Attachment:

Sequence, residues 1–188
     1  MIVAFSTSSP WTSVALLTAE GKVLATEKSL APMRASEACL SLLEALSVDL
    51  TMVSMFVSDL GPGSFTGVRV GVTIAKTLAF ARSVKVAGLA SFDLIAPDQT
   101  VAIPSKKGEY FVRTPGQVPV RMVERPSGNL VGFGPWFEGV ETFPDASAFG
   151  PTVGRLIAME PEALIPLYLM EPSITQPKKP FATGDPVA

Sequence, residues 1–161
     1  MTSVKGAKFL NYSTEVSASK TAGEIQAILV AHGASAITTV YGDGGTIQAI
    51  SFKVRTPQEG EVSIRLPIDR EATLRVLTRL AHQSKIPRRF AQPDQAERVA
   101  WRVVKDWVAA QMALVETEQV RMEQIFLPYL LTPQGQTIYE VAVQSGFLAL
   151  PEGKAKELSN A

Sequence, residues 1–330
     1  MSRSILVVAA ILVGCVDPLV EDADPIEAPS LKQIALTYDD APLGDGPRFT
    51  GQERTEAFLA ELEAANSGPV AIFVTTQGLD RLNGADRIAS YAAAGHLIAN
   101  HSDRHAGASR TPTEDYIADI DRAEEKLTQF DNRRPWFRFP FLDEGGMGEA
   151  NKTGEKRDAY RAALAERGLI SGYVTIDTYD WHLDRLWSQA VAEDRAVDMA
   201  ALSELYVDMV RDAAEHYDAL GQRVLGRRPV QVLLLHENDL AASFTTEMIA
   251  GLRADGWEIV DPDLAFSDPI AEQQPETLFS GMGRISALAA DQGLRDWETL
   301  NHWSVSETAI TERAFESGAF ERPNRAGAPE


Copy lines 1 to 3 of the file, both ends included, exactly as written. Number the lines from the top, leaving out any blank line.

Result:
Sequence, residues 1–188
     1  MIVAFSTSSP WTSVALLTAE GKVLATEKSL APMRASEACL SLLEALSVDL
    51  TMVSMFVSDL GPGSFTGVRV GVTIAKTLAF ARSVKVAGLA SFDLIAPDQT